Saturday, January 05, 2008

scent, the Grove, childhood

One of the entrances to the Grove is a short brick path fronted by five houses on either side. As you go through it, at this time of year, you are struck by an astonishing perfume. It reaches you long before you identify its source, an evergreen shrub with small white flowers and dark blue or black berries. The Botanical Garden by Roger Phillips and Martin Rix, tells me that it is found in woods and forests in the Himalayas from Afganistan to Central China. It is called Sarcoccoa and belongs to the same family as the English box, but as the scent proclaims it is by origin a truly exotic plant.

Clare Grant, whose Three Beautiful Things blog, prompted numerous immitators (this site is but one of them) has had another good idea. She has launched a new blog in which she describes, in 30 words, an aspect of a daily walk. As it happens, the walk is in the vicinity of the Grove, the little park which I refer to quite often here. As we are neighbours, our walks cross each other like routes on a chart. It has a special appeal to me: in particular I like the discipline of limiting descriptions to just 30 words. Caption writers often have a similar requirement, and it is not too far removed from the restriction in which, people who write 17-syllable haiku, find a special kind of inspiration. Congratulations Clare. The necessary tightness of your descriptions creates a poetry of its own. "To see the world in a grain of sand and heaven in a wild flower."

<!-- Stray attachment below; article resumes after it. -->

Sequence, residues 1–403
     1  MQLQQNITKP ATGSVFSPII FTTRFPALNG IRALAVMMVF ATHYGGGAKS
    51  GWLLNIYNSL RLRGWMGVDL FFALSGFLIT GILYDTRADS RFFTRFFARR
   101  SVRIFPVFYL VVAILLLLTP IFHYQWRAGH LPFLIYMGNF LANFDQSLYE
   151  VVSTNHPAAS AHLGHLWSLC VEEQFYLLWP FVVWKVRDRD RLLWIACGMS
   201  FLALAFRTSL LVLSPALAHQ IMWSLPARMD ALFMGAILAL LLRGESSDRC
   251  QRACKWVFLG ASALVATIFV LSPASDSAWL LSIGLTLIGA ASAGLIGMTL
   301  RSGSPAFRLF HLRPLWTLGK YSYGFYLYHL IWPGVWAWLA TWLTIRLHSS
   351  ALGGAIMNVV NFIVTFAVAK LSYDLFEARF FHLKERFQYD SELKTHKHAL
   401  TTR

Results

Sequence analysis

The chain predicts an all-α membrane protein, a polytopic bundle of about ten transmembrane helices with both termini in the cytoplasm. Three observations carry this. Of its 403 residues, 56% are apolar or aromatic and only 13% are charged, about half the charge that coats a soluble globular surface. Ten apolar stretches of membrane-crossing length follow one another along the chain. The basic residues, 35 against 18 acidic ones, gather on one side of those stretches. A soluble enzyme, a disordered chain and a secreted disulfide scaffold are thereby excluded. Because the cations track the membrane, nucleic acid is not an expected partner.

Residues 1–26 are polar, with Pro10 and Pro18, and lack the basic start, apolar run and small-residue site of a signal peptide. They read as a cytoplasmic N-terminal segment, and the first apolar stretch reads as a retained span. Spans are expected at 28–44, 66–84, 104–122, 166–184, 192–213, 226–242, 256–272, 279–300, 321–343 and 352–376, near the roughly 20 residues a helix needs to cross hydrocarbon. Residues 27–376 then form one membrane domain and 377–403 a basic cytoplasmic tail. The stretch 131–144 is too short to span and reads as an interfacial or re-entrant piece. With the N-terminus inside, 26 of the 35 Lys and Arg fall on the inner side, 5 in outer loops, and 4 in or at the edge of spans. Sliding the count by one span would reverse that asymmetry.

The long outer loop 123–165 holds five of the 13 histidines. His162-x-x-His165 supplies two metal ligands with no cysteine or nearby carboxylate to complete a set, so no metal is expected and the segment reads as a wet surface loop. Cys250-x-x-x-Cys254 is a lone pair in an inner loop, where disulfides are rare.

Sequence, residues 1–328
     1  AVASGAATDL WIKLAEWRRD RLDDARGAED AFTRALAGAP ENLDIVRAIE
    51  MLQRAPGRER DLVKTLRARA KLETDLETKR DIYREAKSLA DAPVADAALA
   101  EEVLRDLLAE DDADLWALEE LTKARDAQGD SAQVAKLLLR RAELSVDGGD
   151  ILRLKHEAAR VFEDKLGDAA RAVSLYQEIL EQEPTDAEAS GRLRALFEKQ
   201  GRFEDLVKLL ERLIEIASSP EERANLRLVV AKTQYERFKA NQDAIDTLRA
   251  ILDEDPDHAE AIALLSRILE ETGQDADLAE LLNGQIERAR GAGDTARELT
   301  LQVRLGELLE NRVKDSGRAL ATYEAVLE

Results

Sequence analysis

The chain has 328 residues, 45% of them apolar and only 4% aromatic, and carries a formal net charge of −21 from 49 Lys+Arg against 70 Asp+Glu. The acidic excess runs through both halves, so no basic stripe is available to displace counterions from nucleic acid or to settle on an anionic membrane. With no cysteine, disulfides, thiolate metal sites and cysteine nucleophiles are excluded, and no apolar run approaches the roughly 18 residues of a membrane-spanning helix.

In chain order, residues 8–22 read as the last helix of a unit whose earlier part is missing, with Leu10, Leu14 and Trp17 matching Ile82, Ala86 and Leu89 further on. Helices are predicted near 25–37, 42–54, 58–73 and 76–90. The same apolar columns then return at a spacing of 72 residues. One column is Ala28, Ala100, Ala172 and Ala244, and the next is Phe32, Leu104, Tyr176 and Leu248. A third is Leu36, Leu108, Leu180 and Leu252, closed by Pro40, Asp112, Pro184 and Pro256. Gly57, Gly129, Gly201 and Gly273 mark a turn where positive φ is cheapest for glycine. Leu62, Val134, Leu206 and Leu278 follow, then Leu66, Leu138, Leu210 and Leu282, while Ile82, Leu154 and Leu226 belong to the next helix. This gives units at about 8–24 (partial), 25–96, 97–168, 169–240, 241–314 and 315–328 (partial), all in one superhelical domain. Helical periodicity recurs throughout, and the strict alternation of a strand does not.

Small landmarks and simple games play a big part in the life of children. One little girl in the Grove says to another as they push their scooters down the main drag: "Shall we go to that tree because the boy isn't there any more". Off the they go. The tree is one that grows at an acute angle, so that its trunk is almost parallel with the ground. The next time I look, the boy seems to have returned, but to hell with it they are there first this time.


Lucas said...

Thanks for the link to Claire's new blog. I agree it is a new form, haiku-like in its precision.
The description of the box like tree with its unusual scent is very interesting. I suppose parks and gardens exist partly by importing their living contents from far aay places.

Lucy said...

That is an interesting idea, I wonder...